In addition to their unique coat markings, Turkish Vans may sport eyes of different colours. They may have two amber eyes, two blue eyes, or one of each, a characteristic not unusual with this cat breed.
- Grooming: Once a Week 2/10
- Shedding: Low 2/10
- Hypoallergenic: Low 2/10
- Activity Level: High 10/10
- Playfulness: High 10/10
- Friendliness to other pets: High 10/10
- Friendliness to children: High 10/10
- Affection towards it’s owners: Medium 6/10
- Vocality: Low 2/10
- Intelligence: High 10/10
- Independence: Medium 6/10
Turkish Vans take their name from Lake Van, an area in the mountains of Turkey’s eastern Anatolian region. They possibly existed there for many centuries, protected by their isolation and remoteness from the rest of the world.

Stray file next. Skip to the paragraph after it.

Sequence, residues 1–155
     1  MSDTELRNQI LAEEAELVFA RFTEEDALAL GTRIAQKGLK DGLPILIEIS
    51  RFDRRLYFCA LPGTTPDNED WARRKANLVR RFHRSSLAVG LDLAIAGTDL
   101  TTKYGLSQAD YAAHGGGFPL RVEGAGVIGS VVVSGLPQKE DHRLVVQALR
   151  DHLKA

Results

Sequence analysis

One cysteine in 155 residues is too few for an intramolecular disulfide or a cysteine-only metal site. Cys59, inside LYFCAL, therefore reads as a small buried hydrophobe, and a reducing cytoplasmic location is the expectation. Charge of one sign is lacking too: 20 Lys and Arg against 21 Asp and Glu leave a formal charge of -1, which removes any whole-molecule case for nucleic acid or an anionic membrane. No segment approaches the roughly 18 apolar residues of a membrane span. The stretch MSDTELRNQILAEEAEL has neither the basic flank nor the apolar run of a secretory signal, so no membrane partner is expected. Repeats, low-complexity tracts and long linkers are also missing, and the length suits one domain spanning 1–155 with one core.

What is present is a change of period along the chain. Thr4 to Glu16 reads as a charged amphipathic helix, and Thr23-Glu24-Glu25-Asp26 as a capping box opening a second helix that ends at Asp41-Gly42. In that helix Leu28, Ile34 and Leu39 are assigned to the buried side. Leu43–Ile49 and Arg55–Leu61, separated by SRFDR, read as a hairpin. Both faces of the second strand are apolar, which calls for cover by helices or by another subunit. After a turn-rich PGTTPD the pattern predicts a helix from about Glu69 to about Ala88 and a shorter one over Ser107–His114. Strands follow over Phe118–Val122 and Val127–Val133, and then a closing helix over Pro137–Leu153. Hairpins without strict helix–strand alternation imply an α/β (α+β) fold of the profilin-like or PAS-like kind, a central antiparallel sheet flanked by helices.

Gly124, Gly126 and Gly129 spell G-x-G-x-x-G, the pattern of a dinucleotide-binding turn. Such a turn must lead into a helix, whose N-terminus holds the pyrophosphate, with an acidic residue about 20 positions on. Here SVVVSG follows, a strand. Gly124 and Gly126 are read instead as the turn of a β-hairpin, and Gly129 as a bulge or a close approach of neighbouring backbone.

In the mid-1950s, westerners first discovered the Turkish Vans by photographers Sonia Halliday and Laura Lushington. They were provided with a pair of kittens during their trip in the area and were astounded to see the breed go to ponds or streams for a swim any time they like. When these photographers took these cats back to England with them, there was an interest in the cat breed. However, these cats were rare even in the country of their origin. Fortunately, cat breeders have taken care to preserve this cat breed. In Turkey, Turkish Vans are considered national treasures.
Turkish Vans were not taken to the United States until the year 1982. But in 1979, The International Cat Association already recognized them as a breed. Also, they are recognized by the Cat Fanciers Association and other international cat registries.